NewsPlastic surgery in Turkey - risky bargain?

Plastic surgery in Turkey – risky bargain?

Created: 09/23/2022, 12:48 p.m

The surgeon holds a scalpel in his hand in the operating room. (Archive image) © picture alliance / dpa

A plump bottom, full hair, a firm forehead: Turkey enjoys a good reputation when it comes to cosmetic surgery and welcomes patients from all over the world. The low prices also attract many customers from Germany – that doesn’t always go well.

Istanbul – Ulrike Hamann* was unlucky. The story of the 64-year-old actually began the way she had always wanted.

The Hanoverian travels to Antalya in southern Turkey in 2021 for a stomach reduction. In the following months she loses over 30 kilos. Then the skin hangs, Hamann is planning another trip to Antalya, this time for a facelift. An operation she will regret later.

Hamann is one of many who travel to Turkey for beauty procedures. In the previous year alone, so-called health tourism, which also includes beauty procedures, brought in a total of 2.1 billion US dollars (currently the equivalent of 2.1 billion euros) for the country. According to the Turkish statistical office Tüik, a good 640,000 people traveled as “health tourists” in the pandemic year 2021. In the first half of 2022 there were already almost 600,000.

Around 2,000 hair transplants are carried out in Turkish clinics every day, according to the state news agency Anadolu, citing the Turkish Health Tourism Association Tüsatder. 70 percent of the patients come from Europe, 30 from the Arab world for treatment in Turkey.

4000 euros for a facelift – flight included

Hamann finds her doctor through an agency. She then “examined” it – and was not only guided by the before and after pictures on Instagram. This type of advertising practice is prohibited in Germany, but not in Turkey. She decided on the operations in Turkey because the prices in Germany did not correspond to her budget. The facelift in Turkey cost her 4,000 euros, flight included.

“The procedures in Turkey are on average 30 to 50 percent cheaper than in Germany,” says cosmetic surgeon Bernd Loos. He takes a critical view of the trip to another country for surgery. “The doctor has never seen the patient before. When they get there and the doctor sees that the body isn’t up to something, he probably won’t cancel the surgery again.”

However, Loos has no doubts about the training and skills of the surgeons. One could certainly make a mistake when choosing a surgeon in Germany, “but the chances are smaller”.

In her first conversation with the German Press Agency in February 2022, the Hanoverian Hamann is still enthusiastic. The excess skin under the chin is gone, the cheeks are smooth. Due to a small correction, she flies back to Turkey in April. But instead of a corrected cheek lift, she wakes up with a numb eyebrow.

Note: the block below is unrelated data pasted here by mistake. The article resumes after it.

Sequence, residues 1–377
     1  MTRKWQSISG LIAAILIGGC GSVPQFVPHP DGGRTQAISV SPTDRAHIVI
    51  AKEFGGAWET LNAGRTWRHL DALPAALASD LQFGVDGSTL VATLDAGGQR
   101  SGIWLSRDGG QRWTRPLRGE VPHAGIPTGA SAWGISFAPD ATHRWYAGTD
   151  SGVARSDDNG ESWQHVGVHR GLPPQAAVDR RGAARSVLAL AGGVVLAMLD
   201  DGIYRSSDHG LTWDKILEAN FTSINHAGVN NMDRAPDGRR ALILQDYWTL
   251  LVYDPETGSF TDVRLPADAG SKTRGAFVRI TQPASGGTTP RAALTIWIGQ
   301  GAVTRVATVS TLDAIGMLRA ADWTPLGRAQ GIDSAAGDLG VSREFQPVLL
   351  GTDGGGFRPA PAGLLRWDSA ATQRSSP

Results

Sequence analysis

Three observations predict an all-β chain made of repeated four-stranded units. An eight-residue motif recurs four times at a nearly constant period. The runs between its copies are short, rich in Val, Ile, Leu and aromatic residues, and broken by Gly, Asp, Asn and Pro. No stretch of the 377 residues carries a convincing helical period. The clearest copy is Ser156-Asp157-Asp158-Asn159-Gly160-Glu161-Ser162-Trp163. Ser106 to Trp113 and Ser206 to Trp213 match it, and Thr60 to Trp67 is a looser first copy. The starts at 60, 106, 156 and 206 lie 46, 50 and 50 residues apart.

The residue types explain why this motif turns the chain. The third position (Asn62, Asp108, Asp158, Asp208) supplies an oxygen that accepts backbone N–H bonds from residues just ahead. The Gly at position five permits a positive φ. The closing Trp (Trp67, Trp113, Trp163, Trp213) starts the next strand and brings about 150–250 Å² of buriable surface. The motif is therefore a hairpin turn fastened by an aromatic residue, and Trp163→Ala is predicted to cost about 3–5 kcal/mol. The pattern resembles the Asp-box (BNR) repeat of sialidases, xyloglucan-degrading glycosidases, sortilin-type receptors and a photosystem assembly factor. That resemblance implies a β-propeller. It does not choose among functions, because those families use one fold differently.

Back in Germany, a thread suddenly looked out of her cheek. Over the next few months, it became increasingly clear that the operation had not worked, Hamann says today. The skin gave way, “I now look like I did before the operation”. An acquaintance to whom she recommended the doctor was also “totally botched”. Photos show large scars down the center of her legs from the woman who had a thigh lift.

Counseling and support for patients

The American Sarah Muna Kasule wants to prevent experiences like these. The founder of the service providers Surgery Savior and Surgical Match and her six employees advise and accompany tourists who travel to Turkey for cosmetic or health surgeries.

“The problem is that most people want to get a bargain,” says Kasule, who lives in Istanbul. In her opinion, the fact that beauty tourism is booming in the country is not due to the price – but to the quality.

Turkish doctors are also experienced because of the large number of treatments and are often well qualified – you just have to find the right one. “However, it is difficult for patients to research which Turkish doctors are qualified and are members of the right medical associations in Turkey, Europe or the USA.”

Kasule’s offer includes everything from translation assistance, advice on finding a doctor to inflatable chairs – especially for patients who are not allowed to sit on hard furniture for six to eight weeks after buttock augmentation, the “Brazilian Butt Lift”. Her top priority is patient safety, she says.

reports of deaths

Again and again there are reports of tourists dying after cosmetic surgery in Turkey. The British Foreign Office writes in the travel advice for the country that at least 20 people have died as a result of “medical tourism visits” since 2019.

Kasule knows these cases from direct contact with patients, but also with the board of directors of the Turkish Tourism Association for Health Travel. Many foreigners come to Turkey and want to do everything at once – a so-called “mommy make-over” for example, i.e. a breast operation and a tummy tuck. This is a great strain on the body – and potentially dangerous.

In addition, follow-up care is often inadequate. She is therefore often contacted after the operations by desperate patients who ask her for a private nurse or other support services.

The pensioner Hamann has now hired a lawyer. The clinic has now offered her a full refund in exchange for a non-disclosure agreement. With the money she wants to have another facelift done by a surgeon in Hamburg next spring. dpa

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